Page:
When Chuck Prophet’s father lost his job during a recession, he was still suited up at 6:00am at the breakfast table perusing the day’s paper. “I don’t know if he had an appointment to get to or not, but he’d read the classifieds in his suit smelling of cologne,” says Prophet. His father showed up, job or not. With his best shirt on. “That image has stayed with me.”
“Even in the worst of times, you got to get dressed up and go make the donuts, people. Keep showing up. For yourself and others. Six feet is not that far away if you’re wearing your glasses! And don’t let yourself go. You must resist the temptation to put on those pajamas at 2pm. It’s a slippery slope. Believe me, I know. I’ve been “working” at home from the beginning. Sure, I have good days and bad days just like you. But then there’s the days where I come across “Happy Gilmore” on cable and boom, the whole day just got away from me.”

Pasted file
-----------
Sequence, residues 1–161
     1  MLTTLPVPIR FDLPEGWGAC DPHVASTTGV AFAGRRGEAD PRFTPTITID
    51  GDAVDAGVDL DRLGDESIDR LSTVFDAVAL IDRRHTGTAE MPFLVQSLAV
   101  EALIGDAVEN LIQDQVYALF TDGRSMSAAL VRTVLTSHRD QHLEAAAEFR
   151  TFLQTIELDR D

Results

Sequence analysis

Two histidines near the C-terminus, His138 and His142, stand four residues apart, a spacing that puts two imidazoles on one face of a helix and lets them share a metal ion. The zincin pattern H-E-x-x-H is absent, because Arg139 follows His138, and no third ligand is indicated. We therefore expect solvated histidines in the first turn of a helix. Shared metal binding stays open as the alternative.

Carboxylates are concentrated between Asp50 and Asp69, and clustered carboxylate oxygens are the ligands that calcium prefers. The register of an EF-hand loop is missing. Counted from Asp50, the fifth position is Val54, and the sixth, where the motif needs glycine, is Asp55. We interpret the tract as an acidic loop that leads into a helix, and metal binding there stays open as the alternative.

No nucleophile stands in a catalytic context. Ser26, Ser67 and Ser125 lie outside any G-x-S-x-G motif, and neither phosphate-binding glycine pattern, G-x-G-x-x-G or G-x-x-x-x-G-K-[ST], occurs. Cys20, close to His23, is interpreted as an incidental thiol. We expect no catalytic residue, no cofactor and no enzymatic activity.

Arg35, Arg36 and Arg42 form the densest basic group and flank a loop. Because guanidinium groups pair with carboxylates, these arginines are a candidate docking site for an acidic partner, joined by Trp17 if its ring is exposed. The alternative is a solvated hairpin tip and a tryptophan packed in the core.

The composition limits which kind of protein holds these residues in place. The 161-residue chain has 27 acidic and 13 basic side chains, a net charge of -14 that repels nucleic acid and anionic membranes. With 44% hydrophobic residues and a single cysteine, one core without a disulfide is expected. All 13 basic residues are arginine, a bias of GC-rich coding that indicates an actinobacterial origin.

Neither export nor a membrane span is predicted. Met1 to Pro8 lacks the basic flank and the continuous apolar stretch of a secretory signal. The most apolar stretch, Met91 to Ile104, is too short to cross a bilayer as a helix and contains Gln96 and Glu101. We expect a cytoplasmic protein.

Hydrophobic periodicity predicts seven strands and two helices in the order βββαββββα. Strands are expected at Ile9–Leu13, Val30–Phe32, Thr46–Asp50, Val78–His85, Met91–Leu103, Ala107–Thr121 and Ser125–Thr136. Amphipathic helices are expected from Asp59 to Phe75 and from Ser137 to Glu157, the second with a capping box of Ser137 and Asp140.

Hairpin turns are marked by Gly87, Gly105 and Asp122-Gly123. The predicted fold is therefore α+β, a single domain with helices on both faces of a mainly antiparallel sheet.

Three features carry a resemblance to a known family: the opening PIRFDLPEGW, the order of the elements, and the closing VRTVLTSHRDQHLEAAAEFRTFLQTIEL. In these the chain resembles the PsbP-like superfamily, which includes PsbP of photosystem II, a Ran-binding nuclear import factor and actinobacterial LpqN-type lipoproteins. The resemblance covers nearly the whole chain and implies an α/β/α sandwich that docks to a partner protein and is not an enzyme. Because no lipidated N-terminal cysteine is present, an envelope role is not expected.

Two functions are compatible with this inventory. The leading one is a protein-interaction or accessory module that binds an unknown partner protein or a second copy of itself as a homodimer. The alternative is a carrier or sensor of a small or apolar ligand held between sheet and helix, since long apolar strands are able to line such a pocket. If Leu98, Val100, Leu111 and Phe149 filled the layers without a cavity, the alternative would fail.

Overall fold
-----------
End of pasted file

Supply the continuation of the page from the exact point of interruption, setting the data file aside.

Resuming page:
Chuck’s latest ”The Land That Time Forgot” (described as a “21st-century exorcism from Silicon Valley to the White House” and inspired by the San Francisco cult hero being priced out of his rapidly-gentrifying home turf) was accompanied by the release of his official biography “What Makes the Monkey Dance: The Life And Music Of Chuck Prophet And Green On Red” written by Stevie Simkin (Outline Press).
If you’ve attended a Chuck Prophet performance you know that it isn’t just another gig. It’s a rock concert. And inspiring. And a gift. Every time.
Hope to see you there!